Saturday, March 24, 2007

Wishing for Heroes

The state and national elections in 2004 were grave disappointments.  At the state level, Ohio passed "Issue 1", a Constitutional amendment banning gay marriage:

Only a union between one man and one woman may be a marriage valid in or recognized by this state and its political subdivisions.  This state and its political subdivisions shall not create or recognize a legal status for relationships of unmarried individuals that intends to approximate the design, qualities, significance or effect of marriage."

At the national level, John Kerry ran against George Bush for President of the United States.

Issue 1
Written October 22, 2004 [prior to the election]
Published in my city's daily newspaper

It's sad that we consider making a divisive, discriminatory, unnecessary change to our Constitition, when so many much more serious issues go unresolved.  It's a rare day when the news doesn't announce a shooting, rape, domestic assault, or child abduction.  Racial divides, drugs, and violence diminish life everywhere.  Job losses and plant closings undercut our economic health.  Local school levies struggle year after year, while nothing happens to fix a state school-funding system long since found to be unconstitutional.  Meanwhile, we try to amend the Constitution to keep gay couples from claiming "married filing jointly" tax status or suing each other for alimony if they split up.

A Constitution ought to reflect the best in us:  Equality, justice, freedom.  Controls to make sure people's rights are only restricted after due process of law.  Changing our Constitution now, in this mean-spirited and prejudicial way, is a mistake.  I'll be voting No on Issue 1.

Wishing for heroes
Written November 4, 2004
Submitted to my city's daily newspaper, but not published

Reflecting on the campaigns, issues, and results of this election year, I wish for heroes.  Statesmen, leaders, individuals of such personal stature that they inspire the rest of us to rise above fear and suspicion and follow them to greatness.  In my mind I see Jimmy Stewart and Henry Fonda, or some conglomeration of movie roles they played when I was a kid.  Not their victories but their personification of an America that deserved victory, earning it by living the principles of our founding fathers:  Freedom.  Equality.  Justice.  Government first and foremost to secure the rights of the governed.  Power tempered, and therefore deepened, by responsibility.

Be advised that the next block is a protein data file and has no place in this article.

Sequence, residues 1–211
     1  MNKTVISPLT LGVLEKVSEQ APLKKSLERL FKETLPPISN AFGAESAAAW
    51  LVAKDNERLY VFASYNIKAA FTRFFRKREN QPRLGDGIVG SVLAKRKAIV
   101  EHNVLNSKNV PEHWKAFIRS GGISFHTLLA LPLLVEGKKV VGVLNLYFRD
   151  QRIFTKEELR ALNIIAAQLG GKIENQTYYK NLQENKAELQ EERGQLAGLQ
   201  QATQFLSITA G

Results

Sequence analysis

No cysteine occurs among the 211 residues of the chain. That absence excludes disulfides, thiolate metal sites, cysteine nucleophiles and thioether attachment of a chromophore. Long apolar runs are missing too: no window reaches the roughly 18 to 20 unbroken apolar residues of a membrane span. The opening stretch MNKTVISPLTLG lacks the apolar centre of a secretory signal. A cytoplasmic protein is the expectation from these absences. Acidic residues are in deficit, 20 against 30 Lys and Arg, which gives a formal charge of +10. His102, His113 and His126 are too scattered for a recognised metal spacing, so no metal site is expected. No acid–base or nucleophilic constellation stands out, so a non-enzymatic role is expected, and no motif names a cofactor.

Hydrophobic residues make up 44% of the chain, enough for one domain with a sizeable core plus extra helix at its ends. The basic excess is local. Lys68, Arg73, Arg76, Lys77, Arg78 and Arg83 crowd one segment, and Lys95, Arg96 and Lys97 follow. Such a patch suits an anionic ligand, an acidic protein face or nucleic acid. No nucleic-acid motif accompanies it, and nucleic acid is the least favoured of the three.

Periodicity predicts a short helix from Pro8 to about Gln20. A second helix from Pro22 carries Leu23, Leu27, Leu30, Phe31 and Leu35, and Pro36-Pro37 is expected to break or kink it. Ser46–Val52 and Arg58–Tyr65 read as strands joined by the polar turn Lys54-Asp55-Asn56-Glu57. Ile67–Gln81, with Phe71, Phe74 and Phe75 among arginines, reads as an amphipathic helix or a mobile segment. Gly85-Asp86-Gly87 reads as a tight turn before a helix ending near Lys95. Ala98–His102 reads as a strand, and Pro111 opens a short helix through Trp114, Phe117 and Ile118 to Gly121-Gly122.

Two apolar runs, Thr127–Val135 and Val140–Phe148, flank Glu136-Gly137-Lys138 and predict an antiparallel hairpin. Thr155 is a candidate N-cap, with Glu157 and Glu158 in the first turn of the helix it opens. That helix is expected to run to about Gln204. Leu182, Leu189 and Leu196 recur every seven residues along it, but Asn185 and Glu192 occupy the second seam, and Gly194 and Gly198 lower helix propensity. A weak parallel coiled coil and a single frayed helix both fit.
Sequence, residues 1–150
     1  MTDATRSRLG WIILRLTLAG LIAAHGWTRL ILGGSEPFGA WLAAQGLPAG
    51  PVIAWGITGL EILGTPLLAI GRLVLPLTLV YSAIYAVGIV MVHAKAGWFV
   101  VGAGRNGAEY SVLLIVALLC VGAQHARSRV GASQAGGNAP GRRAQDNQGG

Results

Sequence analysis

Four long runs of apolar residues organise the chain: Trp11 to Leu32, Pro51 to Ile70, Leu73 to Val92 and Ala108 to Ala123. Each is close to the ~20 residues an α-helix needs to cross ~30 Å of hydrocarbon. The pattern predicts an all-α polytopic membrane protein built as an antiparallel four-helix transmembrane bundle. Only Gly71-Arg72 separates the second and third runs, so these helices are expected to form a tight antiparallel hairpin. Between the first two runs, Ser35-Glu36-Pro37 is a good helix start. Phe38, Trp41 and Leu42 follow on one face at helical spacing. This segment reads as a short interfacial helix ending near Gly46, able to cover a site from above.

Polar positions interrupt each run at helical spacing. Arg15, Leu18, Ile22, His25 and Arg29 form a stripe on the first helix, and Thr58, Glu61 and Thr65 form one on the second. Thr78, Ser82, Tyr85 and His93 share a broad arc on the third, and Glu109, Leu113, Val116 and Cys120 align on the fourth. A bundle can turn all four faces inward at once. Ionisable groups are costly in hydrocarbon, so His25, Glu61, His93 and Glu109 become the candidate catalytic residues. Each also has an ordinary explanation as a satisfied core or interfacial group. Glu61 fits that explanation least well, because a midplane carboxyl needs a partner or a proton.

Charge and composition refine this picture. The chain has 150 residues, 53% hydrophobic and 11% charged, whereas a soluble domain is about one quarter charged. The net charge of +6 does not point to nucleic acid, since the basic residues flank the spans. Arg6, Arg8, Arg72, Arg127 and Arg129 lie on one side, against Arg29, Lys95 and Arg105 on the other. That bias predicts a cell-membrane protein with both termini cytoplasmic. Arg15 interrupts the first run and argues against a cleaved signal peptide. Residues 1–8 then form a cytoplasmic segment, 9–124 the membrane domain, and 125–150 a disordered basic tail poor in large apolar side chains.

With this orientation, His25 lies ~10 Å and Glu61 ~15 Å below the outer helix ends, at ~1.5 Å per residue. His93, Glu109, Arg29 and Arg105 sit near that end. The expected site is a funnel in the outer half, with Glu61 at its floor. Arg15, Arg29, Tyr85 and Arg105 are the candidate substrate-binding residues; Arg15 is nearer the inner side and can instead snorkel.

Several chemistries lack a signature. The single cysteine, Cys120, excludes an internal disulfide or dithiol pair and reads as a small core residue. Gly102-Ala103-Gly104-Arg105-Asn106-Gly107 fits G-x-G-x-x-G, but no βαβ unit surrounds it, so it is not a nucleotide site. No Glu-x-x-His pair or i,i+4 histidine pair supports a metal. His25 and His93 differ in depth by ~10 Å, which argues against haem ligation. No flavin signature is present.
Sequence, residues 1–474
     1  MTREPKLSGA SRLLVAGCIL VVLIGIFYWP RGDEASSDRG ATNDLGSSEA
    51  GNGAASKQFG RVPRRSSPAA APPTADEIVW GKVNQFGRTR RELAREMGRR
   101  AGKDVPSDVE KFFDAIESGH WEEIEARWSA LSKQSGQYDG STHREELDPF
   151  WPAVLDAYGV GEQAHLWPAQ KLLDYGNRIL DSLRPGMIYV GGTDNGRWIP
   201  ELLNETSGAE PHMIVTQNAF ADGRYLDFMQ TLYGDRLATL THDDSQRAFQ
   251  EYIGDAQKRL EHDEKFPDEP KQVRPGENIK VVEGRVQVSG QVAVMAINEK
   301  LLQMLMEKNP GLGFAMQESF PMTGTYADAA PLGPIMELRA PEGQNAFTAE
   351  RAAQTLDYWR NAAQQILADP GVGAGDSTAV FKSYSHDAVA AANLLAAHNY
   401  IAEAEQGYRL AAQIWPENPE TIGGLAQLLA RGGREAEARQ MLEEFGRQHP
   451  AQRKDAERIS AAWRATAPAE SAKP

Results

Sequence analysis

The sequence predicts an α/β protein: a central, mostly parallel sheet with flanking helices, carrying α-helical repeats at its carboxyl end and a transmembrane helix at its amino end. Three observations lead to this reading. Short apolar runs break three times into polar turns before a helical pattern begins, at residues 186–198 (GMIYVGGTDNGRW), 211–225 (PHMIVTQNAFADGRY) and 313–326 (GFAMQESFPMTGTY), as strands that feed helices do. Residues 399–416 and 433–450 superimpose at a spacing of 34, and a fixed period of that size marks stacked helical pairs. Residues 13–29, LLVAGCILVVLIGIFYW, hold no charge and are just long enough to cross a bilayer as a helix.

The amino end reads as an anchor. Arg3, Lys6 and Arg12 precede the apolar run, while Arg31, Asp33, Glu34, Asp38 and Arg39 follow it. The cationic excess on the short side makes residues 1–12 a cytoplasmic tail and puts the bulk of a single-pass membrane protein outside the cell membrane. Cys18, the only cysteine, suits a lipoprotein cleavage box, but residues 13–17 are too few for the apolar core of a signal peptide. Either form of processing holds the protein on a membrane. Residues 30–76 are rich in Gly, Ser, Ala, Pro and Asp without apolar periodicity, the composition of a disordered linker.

Tall orders, to be sure, and perhaps too much to expect of politicians--they can't all be Abraham Lincoln--but maybe government by politicians is the problem.  We don't remember Lincoln as a politician, but as a statesman, a leader, a hero.

The challenges we face this year are as important and enduring as any I remember, but heroes, and the American principles that make them so, seemed in short supply, chased from the national stage and the workplace water-cooler discussion by fear and suspicion.  Short-term reaction to perceived threats took the place of long-term strategy and real debate.  National and state policies seem shaped by an implicit judgment that the lives and cultures of those who are different from us are somehow less valuable than our own, not deserving of the due process and protections we take for granted.

Heroes would rally us to be true to the simple principles that made us great in the first place, not frighten us with ominous warnings or strive for soundbites designed for some political advantage.  Heroes would help us build and sustain policies that history might note as benchmarks of American greatness--like the US commitment in World War II, the Marshall Plan afterwards, or the civil rights movement in the 1950s and 60s.  Decades later those still resonate worldwide with the self-evident truths that made them necessary and inevitable:  Freedom.  Equality.  Justice.  Government first and foremost to secure the rights of the governed.  Power tempered, and therefore deepened, by responsibility.  Will history see those same truths present in the war in Iraq, or in the "protect marriage" amendment?  Would Jimmy Stewart and Henry Fonda be willing to play the lead roles?

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